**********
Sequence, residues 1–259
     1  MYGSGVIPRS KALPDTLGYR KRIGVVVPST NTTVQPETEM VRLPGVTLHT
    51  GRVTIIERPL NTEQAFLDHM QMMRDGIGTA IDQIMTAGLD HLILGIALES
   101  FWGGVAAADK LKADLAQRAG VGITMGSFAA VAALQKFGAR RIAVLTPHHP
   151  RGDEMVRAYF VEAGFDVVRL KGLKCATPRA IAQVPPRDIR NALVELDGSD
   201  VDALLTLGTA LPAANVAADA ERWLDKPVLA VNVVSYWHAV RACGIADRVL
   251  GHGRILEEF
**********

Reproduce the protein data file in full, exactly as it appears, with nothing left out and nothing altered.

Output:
Sequence, residues 1–259
     1  MYGSGVIPRS KALPDTLGYR KRIGVVVPST NTTVQPETEM VRLPGVTLHT
    51  GRVTIIERPL NTEQAFLDHM QMMRDGIGTA IDQIMTAGLD HLILGIALES
   101  FWGGVAAADK LKADLAQRAG VGITMGSFAA VAALQKFGAR RIAVLTPHHP
   151  RGDEMVRAYF VEAGFDVVRL KGLKCATPRA IAQVPPRDIR NALVELDGSD
   201  VDALLTLGTA LPAANVAADA ERWLDKPVLA VNVVSYWHAV RACGIADRVL
   251  GHGRILEEF